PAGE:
Meet my publisher!

March 16, 2018

There is no better day in an author's working life than when you sign that rather large document stating that within a few months your first book will be published. All that hard work, enjoyable though it was, spread over hundreds of hours, becomes the past, and the future, once so abstract, suddenly tightens to the size of a pin hole on the horizon - a very clear, bright shiny pin hole that draws almost all of your attention: publication day!

I, like many, hadn't actually considered what happened between signing a publishing contract and the book hitting the shelves. Thankfully, my first experience was in the hands of the good folks of Accent Press, who guided me through all the intricacies of transforming my manuscript into a proper, readable and enjoyable novel.

Central to that process was the Managing Director of Accent, Hazel Cushion. She was kind enough to take time out to answer a few questions about publishing, including a number kindly put forward by Creative Writing MA students from Queen's University in Belfast.

I do hope the answers help them as they set out to conquer the publishing world in a few short months!




What was the process like to start your own publisher?


Hazel: I started Accent Press in 2003 having completed an MA in Creative Writing. As part of the course we learnt how to put a book together and I was hooked! At the time I was a single mother to seven year-old triplets so I was looking for a business that I could work around them.

The internet and developments in desktop publishing software made it viable to set-up a publishing company in a very small way. I had previously worked in charity and loved short stories so started with an anthology that raised money for a breast cancer charity. I managed to get big names like Katie Fforde and Carole Matthews to donate stories and so sold it into WH Smith’s top 300 stores – that’s how Accent was born!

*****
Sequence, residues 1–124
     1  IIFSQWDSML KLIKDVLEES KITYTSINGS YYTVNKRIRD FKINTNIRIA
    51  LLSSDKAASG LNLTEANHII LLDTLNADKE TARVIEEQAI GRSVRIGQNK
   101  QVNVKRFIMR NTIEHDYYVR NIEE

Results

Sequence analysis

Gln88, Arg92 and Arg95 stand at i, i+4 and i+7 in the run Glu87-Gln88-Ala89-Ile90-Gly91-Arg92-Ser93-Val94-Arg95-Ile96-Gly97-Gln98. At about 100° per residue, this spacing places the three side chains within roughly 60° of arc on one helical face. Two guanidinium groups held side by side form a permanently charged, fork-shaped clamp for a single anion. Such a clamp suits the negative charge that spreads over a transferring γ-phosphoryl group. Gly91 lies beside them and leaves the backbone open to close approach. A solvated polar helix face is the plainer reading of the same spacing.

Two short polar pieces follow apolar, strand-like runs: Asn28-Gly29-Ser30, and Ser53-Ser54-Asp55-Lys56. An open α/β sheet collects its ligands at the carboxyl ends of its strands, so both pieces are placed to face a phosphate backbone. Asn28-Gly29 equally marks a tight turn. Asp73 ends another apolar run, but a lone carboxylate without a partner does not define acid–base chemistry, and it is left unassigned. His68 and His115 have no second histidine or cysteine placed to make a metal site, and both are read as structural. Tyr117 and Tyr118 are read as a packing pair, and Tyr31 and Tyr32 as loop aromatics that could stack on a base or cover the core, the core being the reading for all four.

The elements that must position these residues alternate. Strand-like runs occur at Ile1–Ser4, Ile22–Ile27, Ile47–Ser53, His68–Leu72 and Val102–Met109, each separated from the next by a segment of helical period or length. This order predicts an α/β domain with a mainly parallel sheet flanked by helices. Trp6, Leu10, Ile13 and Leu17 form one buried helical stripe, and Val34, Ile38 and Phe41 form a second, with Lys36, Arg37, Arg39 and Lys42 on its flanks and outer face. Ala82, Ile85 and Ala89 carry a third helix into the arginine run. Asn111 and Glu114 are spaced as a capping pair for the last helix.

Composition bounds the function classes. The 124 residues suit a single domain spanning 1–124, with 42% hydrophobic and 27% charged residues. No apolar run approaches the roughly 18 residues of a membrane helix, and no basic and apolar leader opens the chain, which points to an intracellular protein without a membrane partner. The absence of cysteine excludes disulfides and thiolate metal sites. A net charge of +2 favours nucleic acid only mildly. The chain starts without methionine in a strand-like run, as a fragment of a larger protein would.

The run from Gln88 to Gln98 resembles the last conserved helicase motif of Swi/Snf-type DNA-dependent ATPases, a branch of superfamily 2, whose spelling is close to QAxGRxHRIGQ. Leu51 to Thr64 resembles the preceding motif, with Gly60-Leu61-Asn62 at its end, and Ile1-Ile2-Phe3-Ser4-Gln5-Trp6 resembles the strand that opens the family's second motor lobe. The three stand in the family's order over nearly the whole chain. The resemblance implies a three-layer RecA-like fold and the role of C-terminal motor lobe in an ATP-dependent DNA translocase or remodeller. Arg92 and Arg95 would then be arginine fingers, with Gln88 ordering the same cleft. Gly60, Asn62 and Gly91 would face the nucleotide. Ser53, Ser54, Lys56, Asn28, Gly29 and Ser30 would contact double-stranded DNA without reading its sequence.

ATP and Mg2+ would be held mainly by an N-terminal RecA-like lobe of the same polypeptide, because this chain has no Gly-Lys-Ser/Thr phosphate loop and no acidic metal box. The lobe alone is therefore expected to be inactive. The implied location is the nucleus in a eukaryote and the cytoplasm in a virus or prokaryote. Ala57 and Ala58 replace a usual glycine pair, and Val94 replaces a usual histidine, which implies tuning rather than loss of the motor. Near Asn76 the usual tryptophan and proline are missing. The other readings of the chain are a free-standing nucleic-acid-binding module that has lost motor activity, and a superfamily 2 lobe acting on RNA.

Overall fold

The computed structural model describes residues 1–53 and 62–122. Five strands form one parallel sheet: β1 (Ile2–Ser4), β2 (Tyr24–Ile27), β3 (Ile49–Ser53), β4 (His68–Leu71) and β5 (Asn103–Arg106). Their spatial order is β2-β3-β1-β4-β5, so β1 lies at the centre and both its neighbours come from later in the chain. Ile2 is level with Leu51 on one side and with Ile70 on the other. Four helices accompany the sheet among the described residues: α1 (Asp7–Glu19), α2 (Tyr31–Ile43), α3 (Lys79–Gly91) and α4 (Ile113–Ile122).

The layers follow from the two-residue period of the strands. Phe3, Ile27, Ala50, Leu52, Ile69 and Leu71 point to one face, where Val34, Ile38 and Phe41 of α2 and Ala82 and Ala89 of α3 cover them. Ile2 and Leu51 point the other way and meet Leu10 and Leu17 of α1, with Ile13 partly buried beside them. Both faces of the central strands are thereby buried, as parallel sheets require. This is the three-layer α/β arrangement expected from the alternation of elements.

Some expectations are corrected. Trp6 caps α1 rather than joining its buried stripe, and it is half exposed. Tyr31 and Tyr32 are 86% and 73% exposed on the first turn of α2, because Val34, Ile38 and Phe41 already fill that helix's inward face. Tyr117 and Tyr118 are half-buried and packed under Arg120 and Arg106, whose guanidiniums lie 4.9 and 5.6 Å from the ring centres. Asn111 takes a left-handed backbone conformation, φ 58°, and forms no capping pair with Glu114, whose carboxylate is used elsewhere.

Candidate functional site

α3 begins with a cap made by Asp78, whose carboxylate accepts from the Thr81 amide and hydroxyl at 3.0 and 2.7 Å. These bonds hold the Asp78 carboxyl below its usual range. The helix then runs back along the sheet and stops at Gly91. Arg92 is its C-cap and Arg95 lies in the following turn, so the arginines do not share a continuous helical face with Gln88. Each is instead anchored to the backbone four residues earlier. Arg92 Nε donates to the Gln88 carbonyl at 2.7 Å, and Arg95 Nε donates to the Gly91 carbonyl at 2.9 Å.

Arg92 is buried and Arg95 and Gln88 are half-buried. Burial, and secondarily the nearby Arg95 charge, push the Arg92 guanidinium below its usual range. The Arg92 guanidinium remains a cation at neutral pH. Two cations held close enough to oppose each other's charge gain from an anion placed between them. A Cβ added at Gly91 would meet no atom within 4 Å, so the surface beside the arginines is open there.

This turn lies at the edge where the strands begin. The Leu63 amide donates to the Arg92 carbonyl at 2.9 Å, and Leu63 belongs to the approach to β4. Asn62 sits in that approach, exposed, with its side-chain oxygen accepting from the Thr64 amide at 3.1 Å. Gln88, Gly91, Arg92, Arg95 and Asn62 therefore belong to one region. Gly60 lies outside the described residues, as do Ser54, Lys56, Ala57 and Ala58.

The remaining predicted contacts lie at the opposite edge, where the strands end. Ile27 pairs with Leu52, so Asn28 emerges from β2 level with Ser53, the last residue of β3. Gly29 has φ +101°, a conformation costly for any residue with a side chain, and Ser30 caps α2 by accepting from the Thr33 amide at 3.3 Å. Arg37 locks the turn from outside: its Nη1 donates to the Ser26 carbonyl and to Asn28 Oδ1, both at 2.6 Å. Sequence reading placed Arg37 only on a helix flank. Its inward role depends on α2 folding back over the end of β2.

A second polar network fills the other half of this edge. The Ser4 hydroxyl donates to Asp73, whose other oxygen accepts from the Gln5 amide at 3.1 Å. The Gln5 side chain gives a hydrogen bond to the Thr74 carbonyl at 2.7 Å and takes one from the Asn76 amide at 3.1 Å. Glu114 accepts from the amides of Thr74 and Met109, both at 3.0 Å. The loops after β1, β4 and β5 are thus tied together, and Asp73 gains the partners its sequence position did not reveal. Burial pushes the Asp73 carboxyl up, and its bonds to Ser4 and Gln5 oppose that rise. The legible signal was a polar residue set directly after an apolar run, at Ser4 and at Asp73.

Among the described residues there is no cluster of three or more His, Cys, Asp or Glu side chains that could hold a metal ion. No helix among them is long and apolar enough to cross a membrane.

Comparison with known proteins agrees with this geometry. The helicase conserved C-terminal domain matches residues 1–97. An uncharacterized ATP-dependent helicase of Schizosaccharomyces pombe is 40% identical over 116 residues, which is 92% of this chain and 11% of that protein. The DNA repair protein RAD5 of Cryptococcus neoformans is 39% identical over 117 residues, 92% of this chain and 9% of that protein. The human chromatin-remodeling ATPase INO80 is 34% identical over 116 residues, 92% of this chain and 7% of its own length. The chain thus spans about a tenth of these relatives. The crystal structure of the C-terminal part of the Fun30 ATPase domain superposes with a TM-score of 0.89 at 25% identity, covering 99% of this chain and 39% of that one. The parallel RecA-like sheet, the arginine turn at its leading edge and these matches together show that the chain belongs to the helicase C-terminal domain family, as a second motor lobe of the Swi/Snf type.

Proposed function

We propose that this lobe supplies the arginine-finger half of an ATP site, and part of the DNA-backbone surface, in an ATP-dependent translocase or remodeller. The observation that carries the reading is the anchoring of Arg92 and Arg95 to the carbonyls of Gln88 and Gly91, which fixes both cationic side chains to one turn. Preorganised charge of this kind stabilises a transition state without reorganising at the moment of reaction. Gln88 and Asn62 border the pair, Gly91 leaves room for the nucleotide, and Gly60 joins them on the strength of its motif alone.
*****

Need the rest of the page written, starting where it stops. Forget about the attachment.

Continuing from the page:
The company rapidly grew and we expanded into mainstream fiction. We were very early adopters of eBooks and this was of great benefit to the business as the costs are low but enable you to reach an international audience. Marketing through social media also enabled us to develop sales in emerging territories – no longer were the major retailers the gatekeepers. We could bypass them and engage directly with our readers.



What do you look for in a manuscript?


I have the attention span of a teabag so look for books that hook the reader in quickly and engage them in a series of books. We have always concentrated on series rather than standalone books as the marketing costs can get spread across the titles. Top tip for new authors – write a series of at least three books as these are more commercially attractive to publishers.



Does the role of MD edge more towards the business side of the business?


Yes, I tend to be involved in managing the business side of Accent and the editors tend to commission titles and engage directly with the authors. Having said that we are a small team and all have our say on the cover design and marketing plans for titles.



When is cover art decided upon?